Legal & data sharing frameworks


  • Establish legal data sharing frameworks within state jurisdictions, e.g. local/municipality to city (major metro), and direct to state.

  • Consider formulating policies and orders at the local jurisdiction level that refer to specific data sharing regulations that permit reporting; i.e. healthcare providers having the ability to share data with specific entities related to contact tracing efforts and what data will be released for broad public consumption vs. restricted public health use.

  • Designate certain collaborative entities with limited public health authority related to COVID-19 e.g. Health Information Networks, and Health Information Exchanges typically can’t easily share data bi-directionally with public health; state-based entities (e.g. New Jersey Health Information Network, Indiana HIE, SHINY) will be able to move faster on sharing clinical information with public health to scope contact tracing efforts

  • Define data sharing use cases that fall under the following:

    • Public Health Practice

    • De-identified Data (per HIPAA); aggregate and line-level

    • Consumer Data (non-HIPAA; regulated by FTC

    • Anonymous Data

    • Open Data (public consumption)

  • Patient and Consumer Consents

  • Data destruction policies

State & Local Jurisdiction Data Sharing

If there is a local NEDSS system in place, provide local jurisdictions with the ability to enter case reports. Establish a process to capture case investigations that relate to emerging contract tracing emergence of symptoms but confirmatory testing may not be in place yet (typically a quarantine section of the system to help prioritize confirmed case reports).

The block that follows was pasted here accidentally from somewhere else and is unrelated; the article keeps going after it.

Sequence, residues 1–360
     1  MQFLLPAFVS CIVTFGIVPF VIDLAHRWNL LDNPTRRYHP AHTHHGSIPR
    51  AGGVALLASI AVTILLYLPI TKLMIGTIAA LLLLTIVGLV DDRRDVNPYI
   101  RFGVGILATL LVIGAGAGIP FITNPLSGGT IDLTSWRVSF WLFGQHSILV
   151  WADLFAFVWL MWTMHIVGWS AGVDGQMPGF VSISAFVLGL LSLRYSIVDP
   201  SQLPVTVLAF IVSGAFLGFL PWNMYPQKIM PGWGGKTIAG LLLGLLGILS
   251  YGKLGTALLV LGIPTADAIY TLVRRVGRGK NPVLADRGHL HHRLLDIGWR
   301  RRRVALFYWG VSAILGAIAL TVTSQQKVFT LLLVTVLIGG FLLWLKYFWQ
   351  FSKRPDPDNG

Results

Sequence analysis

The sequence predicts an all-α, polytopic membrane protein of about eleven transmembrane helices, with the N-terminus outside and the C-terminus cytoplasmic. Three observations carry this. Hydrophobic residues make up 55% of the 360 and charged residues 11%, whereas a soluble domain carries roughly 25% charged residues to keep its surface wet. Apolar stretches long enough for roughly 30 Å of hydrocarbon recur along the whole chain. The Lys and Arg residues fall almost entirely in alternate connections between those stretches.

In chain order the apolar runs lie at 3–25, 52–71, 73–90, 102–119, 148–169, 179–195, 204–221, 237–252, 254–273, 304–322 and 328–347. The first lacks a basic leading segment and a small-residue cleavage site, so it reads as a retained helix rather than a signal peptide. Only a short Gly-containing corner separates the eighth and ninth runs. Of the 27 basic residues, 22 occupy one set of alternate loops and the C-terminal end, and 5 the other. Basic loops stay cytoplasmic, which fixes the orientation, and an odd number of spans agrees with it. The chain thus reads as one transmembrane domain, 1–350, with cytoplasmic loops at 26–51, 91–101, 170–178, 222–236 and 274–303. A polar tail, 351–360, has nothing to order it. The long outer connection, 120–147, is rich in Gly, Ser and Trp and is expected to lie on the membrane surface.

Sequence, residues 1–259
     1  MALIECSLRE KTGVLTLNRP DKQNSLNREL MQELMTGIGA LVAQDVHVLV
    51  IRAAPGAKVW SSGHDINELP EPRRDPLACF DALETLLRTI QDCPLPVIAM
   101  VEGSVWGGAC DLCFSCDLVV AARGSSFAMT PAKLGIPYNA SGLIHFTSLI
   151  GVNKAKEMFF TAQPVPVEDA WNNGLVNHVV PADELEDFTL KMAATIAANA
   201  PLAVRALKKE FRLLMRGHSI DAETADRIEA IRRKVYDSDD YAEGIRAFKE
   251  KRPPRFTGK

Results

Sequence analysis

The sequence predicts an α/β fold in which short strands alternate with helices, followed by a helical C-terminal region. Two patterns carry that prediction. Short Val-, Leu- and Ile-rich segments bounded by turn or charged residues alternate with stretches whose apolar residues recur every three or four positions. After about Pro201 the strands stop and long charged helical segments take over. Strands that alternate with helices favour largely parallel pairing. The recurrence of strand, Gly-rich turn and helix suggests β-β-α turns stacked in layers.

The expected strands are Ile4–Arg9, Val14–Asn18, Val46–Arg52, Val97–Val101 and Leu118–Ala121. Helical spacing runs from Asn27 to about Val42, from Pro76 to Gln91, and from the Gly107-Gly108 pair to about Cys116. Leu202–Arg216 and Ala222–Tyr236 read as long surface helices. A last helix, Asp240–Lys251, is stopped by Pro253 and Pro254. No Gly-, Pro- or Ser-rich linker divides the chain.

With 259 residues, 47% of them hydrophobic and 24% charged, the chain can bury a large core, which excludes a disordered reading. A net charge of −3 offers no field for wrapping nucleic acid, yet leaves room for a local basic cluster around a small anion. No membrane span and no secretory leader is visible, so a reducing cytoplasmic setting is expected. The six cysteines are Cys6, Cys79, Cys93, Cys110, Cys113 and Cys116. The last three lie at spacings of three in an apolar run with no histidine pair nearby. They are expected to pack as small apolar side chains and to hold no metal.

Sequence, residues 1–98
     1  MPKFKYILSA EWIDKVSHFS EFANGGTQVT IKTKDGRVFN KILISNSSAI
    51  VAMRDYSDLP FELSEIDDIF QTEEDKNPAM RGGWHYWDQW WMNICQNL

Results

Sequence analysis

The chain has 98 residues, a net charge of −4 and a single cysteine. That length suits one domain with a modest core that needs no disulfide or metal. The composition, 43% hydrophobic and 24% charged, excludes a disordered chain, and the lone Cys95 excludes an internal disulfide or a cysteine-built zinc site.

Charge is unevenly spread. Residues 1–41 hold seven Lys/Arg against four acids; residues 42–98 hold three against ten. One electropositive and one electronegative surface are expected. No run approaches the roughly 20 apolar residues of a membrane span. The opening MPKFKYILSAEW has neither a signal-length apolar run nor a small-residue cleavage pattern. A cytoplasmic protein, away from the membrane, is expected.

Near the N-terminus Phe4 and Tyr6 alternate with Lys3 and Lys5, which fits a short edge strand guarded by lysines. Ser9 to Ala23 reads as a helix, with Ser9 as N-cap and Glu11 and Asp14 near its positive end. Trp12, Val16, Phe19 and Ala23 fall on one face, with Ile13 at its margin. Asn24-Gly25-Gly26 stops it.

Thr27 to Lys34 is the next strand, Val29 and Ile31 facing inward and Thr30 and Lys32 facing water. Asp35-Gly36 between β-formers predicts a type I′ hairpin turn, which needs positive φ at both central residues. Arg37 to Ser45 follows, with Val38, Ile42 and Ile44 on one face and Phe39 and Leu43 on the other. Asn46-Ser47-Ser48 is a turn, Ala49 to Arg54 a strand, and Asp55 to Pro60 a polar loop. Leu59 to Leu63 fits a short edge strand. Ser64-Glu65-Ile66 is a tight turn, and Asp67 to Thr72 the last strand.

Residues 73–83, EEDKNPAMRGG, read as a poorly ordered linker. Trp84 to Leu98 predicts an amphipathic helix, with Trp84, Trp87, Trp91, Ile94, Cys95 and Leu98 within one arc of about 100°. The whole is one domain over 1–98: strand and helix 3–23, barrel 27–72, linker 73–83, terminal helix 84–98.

Data Sharing Use Cases

  • Symptom checker information into a NEDSS

  • Symptom checker information connected with contact traced social network (identifiable, and aggregate level)

  • Contact-traced individuals to healthcare records/testing (consent)

  • Surveillance of negatives for a certain period of time with symptom checker & monitoring tools

Public Health Practice

Covers the following:

  • Healthcare provider to public health

  • Clinical data provider (Labs, EHRs, Payors & their vendors) to public health

  • Behavioral and mental health data provider to public health

  • Public health to public health; state and local jurisdictions

  • Local state agencies (e.g. Departments of Human Services, Prison & Correctional Facilities) to public health

  • Local public health to federal public health

Permissible data linkages:

  • Identifiable data (PHI or PII) to consumer-consented data

  • Limited data to identifiable data

  • De-identified data to identifiable data (re-identification under public health practice)

  • De-identified data to de-identified data

De-identified Data

Covers the following:

  • Healthcare providers to public health

Consumer Data

Open Data

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